In addition to being intentional about staying in touch with family and friends, look for opportunities to connect with your homeschool curriculum families via social media. We’ve been using Sonlight for years, and I often chat with other Sonlight moms in a Facebook group, via on Instagram and on the site’s own forum.
#2. Access to Homeschool Teaching Resources
If you’ve spent any time looking for information on live homeschool teaching resources such as homeschooling conferences, workshops, seminars, etc., you know they’re mostly held in large cities. And if you don’t live near one of those cities, it’s more difficult (and more expensive) to get to them. Yet conferences can be a great source of inspiration, practical homeschool teaching tips, and also give you access to information on new curriculum.
Other than spending the time and money to attend one of these conferences, the next best option for a rural homeschool family is to enroll in an online homeschool conference such as the Canadian Online Homeschool Conference or Great Homeschool Conventions’ Online Homeschool Convention for Parents. And don’t forget to use the many digital resources available through Canadian and American homeschooling websites like this one, and on public education sites like PBS Parents Homeschooling: Tips for Getting Started.
#3. Extra Education Resources Unavailable
Another homeschooling challenge for rural families is access to special education resources. True, it’s a challenge for any family living in an area far from education specialists. Yet as a homeschooling parent, you have the sole responsibility to identify a potential need for special education resources for your child. And then you have to find and connect with the right individual or organization to get a referral to a specialist.
If you suspect your homeschool child has speech issues, learning disabilities, or other development challenges, start asking what’s available in your area. Check with your :
- family doctor or paediatrician
- local school board
- public health department
And keep in mind that you may find yourself travelling to see the closest therapist or specialist.
#4. Limited Extra-Curricular Activities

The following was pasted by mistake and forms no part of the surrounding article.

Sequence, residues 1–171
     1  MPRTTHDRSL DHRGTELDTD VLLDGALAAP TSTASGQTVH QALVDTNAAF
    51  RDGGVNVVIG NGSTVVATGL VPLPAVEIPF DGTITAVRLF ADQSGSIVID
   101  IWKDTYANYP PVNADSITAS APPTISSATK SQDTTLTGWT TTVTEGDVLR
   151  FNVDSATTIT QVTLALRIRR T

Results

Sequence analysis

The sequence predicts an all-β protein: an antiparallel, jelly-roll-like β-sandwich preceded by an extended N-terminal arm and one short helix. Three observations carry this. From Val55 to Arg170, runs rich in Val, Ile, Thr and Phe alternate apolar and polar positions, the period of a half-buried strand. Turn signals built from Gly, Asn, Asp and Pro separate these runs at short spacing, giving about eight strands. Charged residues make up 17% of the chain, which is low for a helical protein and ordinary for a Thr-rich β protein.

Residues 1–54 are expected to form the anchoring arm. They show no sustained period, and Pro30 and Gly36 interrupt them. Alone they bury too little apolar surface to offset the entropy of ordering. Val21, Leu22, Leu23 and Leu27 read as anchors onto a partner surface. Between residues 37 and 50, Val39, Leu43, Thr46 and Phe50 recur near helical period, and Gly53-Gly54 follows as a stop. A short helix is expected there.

Another important rural homeschool challenge to keep in mind is that there may be fewer extra-curricular activities for your kids to participate in when you live far from a city or town. And those that are offered may not line up with your child’s interests.
In one small town we lived in, the only advertised extracurricular activities were karate or hockey. No formal music lessons, dance lessons, nor Girl Guides or Boy Scouts were offered due to lack of parent volunteers.
If it’s important to you for your kids to participate in extracurricular activities in addition to homeschool, you’re going to have to get creative and proactive. Try the following:
- Ask around – many rural areas and small towns don’t advertise music teachers, for example, because the local families already know who teaches what
- Ask the local school if your child can join an after-school club or sports team (if they have one)
- Take on a volunteer role (such as becoming a Brownie leader) in the nearest community so your child can participate
- Replace organized extra-curricular activities with outdoor activities you can do as a family, such as hiking, foraging, learning wilderness survival skills, fishing, or hunting.
- Organize your town trips! Schedule any out-of-the-house activities on the same day – especially if you’re heading to a town or city an hour or more away. Yes, this may mean you take one day off formal homeschool lessons to attend swimming lessons, hockey practices and Scouts meetings.
#5. Limited Access to Technology/Internet
In today’s world, the internet is a lifeline for many homeschooling families, no matter where they live. It can connect you and your children to other homeschoolers, help round out subject research and provide fun alternative learning options such as online courses and educational games. Yet affordable and accessible internet can be a major rural homeschooling challenge, especially if you live in one of Canada’s remote northern communities.
Talk to your cable or satellite and cell phone service provider first to find out what’s offered in your area. It may be that you’ll have to use your smartphone data plan for phone and tablet access.
In two of the areas we’ve lived in, we used a wireless internet hub with a backup battery. This lets us access the internet at all times, even if our solar panels or generators aren’t powering our home. If you plan to use any online resources or courses for homeschooling, get the best Internet package you can afford.
Yes, rural homeschooling has its challenges. Yet the simple truth is that homeschooling can be hard, whether you live in the city or in the country. By doing some research before you get started, and talking to other rural homeschooling parents, you’ll be better prepared to deal with each challenge as it arises.
Hello from the Top of the World! I’m Sarita from Off Grid Life. My family and I live off the grid in a cabin on a lake in Canada’s Northwest Territories. I’m a freelance writer, homeschool mom, and when I’m not writing, reading, or teaching, I’m learning how to homestead off the grid.